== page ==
Wednesday, November 08, 2006

The Last Politics Post for a While

As I watched the election returns last night, CNN's Paul Begala made a comment that really stuck with me. When Wolf Blitzer asked him to explain the Democratic success in house and Senate races around the country, Begala discussed the changing face of the party and claimed that this year's crop of Democratic challengers "weren't your grandfather's Democrats." I guess he meant this as a compliment to those candidates, a sign of some sort of positive change or progress in the party as they gained power for the first time in a long while. I, however, took it as an omen of sorts.

Of course, I really don't want to be Mr. Negative on the morning after the Dems gained 28 seats in the House (enough to run the place) and a 1 vote majority in the Senate (most likely), and I also don't want to rain on the parade that I myself will be throwing today in response to the news that Donald Rumsfeld has stepped down as Secretary of Defense (Its about time!). But I do have to say that I had mixed feelings about the results last night.

For one thing, its true that this was an important victory for the Democrats considering that they've been the minority on the Hill for the past twelve years. However, it should be noted that anything BUT a big Democrat victory would have been crushing because historically, the party in the White House almost ALWAYS loses midterm elections during the 6th year of a presidency. In fact, George W. Bush is 3-1 in the past four elections, and most presidents don't even do THAT well. 4-0 would have been pretty much unheard of.

It should also be said that while the gains were big for the Dems last night, they still didn't come close to the landslide 54 seat pick up that the Republicans and their famous "Contract with America" enjoyed in 1994, meaning that while this might have been a big win in some respects, it will probably not be considered as important as the Republican revolution of the early 90's.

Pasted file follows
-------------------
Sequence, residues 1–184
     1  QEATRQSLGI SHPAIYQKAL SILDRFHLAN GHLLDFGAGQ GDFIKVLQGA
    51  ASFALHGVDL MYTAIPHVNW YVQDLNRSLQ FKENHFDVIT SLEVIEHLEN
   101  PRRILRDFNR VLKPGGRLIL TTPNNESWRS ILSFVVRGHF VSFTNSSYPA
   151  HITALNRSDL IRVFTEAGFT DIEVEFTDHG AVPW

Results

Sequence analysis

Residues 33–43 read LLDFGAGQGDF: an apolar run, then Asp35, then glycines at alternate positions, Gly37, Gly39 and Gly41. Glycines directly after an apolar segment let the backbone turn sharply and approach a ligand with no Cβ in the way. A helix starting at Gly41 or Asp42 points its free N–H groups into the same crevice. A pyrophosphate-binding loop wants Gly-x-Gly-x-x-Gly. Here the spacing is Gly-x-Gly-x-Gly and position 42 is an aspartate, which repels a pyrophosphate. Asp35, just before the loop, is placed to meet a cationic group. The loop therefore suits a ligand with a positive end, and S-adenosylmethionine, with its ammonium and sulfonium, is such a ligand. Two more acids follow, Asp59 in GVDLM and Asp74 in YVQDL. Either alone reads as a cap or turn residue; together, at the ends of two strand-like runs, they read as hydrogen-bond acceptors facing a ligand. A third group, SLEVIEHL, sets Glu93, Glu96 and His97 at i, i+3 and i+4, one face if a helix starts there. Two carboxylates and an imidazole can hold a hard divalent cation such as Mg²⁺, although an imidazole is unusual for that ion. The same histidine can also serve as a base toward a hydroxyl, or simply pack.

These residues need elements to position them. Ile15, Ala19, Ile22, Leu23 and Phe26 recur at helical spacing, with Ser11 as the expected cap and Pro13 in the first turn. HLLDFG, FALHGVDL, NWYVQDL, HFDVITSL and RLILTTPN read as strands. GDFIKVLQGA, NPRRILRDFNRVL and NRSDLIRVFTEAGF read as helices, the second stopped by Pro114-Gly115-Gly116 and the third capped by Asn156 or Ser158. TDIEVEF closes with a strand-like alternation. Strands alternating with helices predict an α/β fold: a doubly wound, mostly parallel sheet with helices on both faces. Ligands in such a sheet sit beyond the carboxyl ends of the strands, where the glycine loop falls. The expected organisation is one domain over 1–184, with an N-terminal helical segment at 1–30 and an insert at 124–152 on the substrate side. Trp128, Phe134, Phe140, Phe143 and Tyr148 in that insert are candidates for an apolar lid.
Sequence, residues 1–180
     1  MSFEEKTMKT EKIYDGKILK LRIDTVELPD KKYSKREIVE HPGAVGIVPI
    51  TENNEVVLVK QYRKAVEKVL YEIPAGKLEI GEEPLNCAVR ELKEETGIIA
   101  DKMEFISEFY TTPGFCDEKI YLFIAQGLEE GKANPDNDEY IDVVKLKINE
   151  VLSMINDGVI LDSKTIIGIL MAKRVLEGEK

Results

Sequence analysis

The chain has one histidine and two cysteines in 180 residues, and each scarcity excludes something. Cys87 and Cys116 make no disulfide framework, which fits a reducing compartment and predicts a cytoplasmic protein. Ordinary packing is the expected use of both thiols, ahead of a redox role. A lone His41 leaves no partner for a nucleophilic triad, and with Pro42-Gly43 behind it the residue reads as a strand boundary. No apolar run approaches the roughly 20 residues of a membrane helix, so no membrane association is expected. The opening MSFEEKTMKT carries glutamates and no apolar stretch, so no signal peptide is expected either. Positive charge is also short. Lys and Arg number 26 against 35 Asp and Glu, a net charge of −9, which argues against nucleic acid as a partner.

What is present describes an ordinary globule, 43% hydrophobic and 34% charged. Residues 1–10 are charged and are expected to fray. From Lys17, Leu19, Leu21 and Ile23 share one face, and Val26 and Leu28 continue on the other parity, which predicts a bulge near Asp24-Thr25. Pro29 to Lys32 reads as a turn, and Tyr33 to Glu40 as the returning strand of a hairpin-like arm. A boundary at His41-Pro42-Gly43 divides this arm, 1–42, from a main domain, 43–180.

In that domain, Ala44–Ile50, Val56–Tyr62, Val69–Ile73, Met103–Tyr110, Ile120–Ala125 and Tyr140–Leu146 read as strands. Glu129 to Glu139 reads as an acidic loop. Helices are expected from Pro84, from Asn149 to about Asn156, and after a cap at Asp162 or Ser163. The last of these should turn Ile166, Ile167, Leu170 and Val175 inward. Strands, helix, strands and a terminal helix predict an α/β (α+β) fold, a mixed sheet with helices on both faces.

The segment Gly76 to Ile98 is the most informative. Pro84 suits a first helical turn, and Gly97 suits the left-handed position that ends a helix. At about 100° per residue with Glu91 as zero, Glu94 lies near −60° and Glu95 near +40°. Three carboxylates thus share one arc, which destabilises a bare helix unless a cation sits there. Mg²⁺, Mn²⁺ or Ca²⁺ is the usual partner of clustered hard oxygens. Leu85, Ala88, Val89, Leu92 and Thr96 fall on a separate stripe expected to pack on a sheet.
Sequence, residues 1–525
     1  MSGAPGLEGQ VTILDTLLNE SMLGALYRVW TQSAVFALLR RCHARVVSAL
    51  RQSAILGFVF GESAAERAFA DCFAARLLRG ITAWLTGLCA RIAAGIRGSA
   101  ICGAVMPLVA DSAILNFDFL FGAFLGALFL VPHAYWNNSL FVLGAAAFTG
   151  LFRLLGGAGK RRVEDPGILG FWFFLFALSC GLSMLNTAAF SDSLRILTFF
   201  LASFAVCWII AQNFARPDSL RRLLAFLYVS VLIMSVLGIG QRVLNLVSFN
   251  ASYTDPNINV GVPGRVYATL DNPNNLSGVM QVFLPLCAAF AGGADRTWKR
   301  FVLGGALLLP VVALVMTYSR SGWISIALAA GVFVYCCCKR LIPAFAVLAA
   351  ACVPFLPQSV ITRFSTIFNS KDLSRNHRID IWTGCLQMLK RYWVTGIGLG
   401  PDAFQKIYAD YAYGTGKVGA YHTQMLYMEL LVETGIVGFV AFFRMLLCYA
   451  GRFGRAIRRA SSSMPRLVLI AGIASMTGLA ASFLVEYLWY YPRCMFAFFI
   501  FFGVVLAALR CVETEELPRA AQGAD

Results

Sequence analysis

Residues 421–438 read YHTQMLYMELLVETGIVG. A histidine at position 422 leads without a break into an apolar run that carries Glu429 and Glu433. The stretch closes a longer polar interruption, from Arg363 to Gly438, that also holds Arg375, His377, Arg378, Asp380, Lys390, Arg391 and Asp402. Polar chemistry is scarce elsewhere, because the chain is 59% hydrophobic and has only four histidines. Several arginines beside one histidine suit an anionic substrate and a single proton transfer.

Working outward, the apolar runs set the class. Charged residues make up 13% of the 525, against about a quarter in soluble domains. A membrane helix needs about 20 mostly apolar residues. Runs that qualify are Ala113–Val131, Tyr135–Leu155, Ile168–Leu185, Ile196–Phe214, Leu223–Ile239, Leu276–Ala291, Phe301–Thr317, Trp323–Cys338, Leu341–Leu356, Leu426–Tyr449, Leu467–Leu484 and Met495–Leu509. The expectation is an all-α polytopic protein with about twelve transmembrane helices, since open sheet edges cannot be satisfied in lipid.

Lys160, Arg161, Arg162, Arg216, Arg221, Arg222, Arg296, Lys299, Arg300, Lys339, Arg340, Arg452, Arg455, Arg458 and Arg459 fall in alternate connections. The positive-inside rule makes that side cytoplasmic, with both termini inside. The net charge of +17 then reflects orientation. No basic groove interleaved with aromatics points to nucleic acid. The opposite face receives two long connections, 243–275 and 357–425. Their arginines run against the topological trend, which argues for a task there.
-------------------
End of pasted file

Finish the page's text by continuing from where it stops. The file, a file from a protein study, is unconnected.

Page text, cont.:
Its still a win, and I'm very happy to see the Republicans sweat it out. It was a also a sign that Merica might not be willing to turn complete control of the country over the Republicans just yet, which is a good thing. My only problem comes when I look around at many of the victorious Democrats and realize that I really don't have much in common with them from an ideological standpoint. There weren't very many Dems in the mix this year that support the invasion of Iraq, but there certainly were a good number of relatively hawkish candidates, as well as several that were pro-life, pro gun, pro Bush tax cuts, and simply middle ground on everything else. McCaskill in MO, Tester in MT and Webb in VA are all fairly conservative Democrats in most respects, and many of the victors in the key house races last night hold similarly right of center views. This country as a whole has swung quite far to the right over the past twenty five years, and the Democrats have gone with it. "Liberal" is still a four letter word to most Americans, and the term "progressive" hardly even exists anymore. Even the party's most iconic contemporary leader, Bill Clinton, was in most respects a conservative. He passed the legislation that allowed large media corporations to start running the world, he engaged in several unnecessary and costly military ventures around the world, and he supported a vision of free trade that helps multinational corporations and few others. The democratic party saw the success of Clinton and the Republicans as a sign that they had to move to the right in order to remain competitive, and thats exactly what they've done.

I'm very happy the Dems won last night, and I'm excited to see what they plan to do with their new power over the next two years. The need for change is clear, and I hope the Democrats deliver. I just worry that these days, a victory for the Democratic party doesn't necessarily mean a victory for those of us who are happy to be called "liberals."